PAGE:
The Indian payments landscape has evolved rapidly over the past few years, driven by an increase in the number of digitally initiated consumers, rising personal consumption expenditure, increase in use cases supporting digital payments, urbanisation and improvement in technology and mobile data usage. While in the past banks played a central role in providing payments services, the landscape today has evolved with active participation coming in from non-banks players as well. Increasing smartphone penetration, reduction in the prices of telecom data use, growth in digital commerce and institutional support have been the key drivers for digitisation of payments in India.
Growth in the adoption of digital payments has also been supported by improvement in the supporting infrastructure. A combination of access to 4G data, mobile phones (cost reduced to near zero with telecommunication companies offering subsidised 4G-enabled phones), Aadhaar and Unified Payments Interface (UPI) has catapulted India to a payments growth trajectory. From market players’ perspective, banks, non-banks, government and institutional bodies have been driving and enabling digital payments adoption through several favourable policies and business measures, all directed toward a common objective.
Increasing usage of digital payments has led to critical data points for financial institutions to leverage it for credit scoring thereby giving rise to FinTech firms focusing on quick credit disbursement. A recent research conducted by EY (EY FinTech Adoption Index 2017) shows that India is ranked second globally in the adoption of FinTech services (at 52 per cent), second only to China (at 69 per cent). FinTech adoption in India is astonishingly high—more than half of our sample of Indian consumers claimed to have used more than two FinTech products in the past six months. Some Fintech products are helping validate background checks for employment, directors of the company (in case of SME), fraud detection, bank account validation and statement analysis to automate the customer onboarding and loan approval journey in a straight-through processing (STP) manner.
Payment services are the most popular among the Indian consumers, who have embraced tech innovations such as mobile wallets and UPI platforms for their day-to-day payment transactions.
However, when it comes to borrowing, a large part of the Indian population continues to rely on primitive methods such as borrowing from family and friends, chit funds and moneylenders. Unavailable or incomplete credit scores (which are obtained through ineffective means such as credit cards or loan repayment history) deny bank loans to this population segment (consisting mainly of SMEs, students, consumers seeking to consolidate debt and new-to-bank consumers), which accounts for approximately 90 per cent of the market.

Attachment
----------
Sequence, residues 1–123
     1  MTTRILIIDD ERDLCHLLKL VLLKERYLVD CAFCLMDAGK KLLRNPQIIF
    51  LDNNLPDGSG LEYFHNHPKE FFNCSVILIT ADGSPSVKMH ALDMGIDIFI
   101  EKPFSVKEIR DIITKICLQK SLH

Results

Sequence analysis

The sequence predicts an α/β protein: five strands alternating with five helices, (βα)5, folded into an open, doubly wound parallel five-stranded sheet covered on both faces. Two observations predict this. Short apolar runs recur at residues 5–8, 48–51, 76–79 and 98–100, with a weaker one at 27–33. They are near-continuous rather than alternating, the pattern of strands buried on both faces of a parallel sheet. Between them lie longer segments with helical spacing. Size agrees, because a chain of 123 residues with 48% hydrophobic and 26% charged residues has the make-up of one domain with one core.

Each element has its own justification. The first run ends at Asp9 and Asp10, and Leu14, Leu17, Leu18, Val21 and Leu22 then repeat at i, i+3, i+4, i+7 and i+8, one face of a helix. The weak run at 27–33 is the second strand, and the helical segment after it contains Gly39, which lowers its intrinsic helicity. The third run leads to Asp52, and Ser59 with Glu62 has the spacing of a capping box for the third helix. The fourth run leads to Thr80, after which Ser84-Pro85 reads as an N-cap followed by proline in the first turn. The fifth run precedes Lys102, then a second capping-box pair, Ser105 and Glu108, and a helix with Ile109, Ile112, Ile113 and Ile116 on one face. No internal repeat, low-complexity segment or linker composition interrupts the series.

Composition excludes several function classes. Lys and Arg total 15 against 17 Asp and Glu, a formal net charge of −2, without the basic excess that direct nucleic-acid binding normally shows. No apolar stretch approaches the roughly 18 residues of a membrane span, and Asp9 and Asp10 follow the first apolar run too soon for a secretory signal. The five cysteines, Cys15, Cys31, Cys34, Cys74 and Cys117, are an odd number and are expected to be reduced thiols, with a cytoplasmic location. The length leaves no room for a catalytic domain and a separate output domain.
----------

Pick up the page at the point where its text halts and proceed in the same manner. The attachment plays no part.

Alternative lending business refers to digital platforms that provide low-cost loans, which are simple to obtain for the large unaddressed market segment in India. These modern alternative lending companies determine the credit worthiness of applicants by using advanced data analytics and innovative data sources. Moreover, the growing volume of digital payments allows these alternative lenders to access many more digital data points for credit risk assessments. As they use digital solutions, the speed of loan disbursal also increases manifold as compared to the traditional methods. The borrowers also have the option to repay the loan through multiple flexible repayment options.
Leveraging digital platforms, there is a new trend of financing by service providers who have strong captive customer connect from businesses like health care, travel, retail, food delivery, auto and consumer goods. This is expected to give a significant competition to incumbents given these players could have lower cost of acquisition and competitive pricing due to historical transaction data points and product/services subvention built into the product pricing.
In summary, there are three specific trends being observed. First, companies with captive base on consumer businesses such as health care, retail and e-commerce, and travel are venturing into digital consumer side financing, leveraging their captive customer data and offering “pay later” options. Second, companies with captive base on SME side (suppliers, distributors, dealers) such as retail and consumer goods manufacturers are venturing into digital supply side SME financing leveraging their captive SME side (suppliers, distributors, dealers) data. This could have a blockchain play in the near future as multiple players come together to collaborate in a larger ecosystem of industry, financial institutions and logistics players. Third, small finance banks and payments banks could use payments transaction data for flow-based financing of small-ticket daily/weekly business loans to the unorganised sector using digital payments infrastructure like UPI platform.
While the jigsaw puzzle of doing KYC and underwriting (based on customer ability and intent to pay, social media footprint, bureau tradelines and fraud checks) is getting solved, a new challenge for digital lenders is to find an innovative low costs digital mechanism for collections, especially defaults in the case of high-volume, low ticket size product.
(With inputs from Vinay B Narkar, senior manager, EY)
and innovation leader, EY. Views are personal